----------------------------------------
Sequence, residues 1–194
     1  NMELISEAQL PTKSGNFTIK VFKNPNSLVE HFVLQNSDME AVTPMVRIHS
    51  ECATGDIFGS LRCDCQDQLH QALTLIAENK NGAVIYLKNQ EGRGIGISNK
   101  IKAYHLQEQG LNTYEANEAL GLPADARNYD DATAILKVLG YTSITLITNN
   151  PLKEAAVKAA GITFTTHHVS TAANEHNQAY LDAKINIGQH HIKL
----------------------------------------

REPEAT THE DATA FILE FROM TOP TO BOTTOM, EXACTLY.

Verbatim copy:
Sequence, residues 1–194
     1  NMELISEAQL PTKSGNFTIK VFKNPNSLVE HFVLQNSDME AVTPMVRIHS
    51  ECATGDIFGS LRCDCQDQLH QALTLIAENK NGAVIYLKNQ EGRGIGISNK
   101  IKAYHLQEQG LNTYEANEAL GLPADARNYD DATAILKVLG YTSITLITNN
   151  PLKEAAVKAA GITFTTHHVS TAANEHNQAY LDAKINIGQH HIKL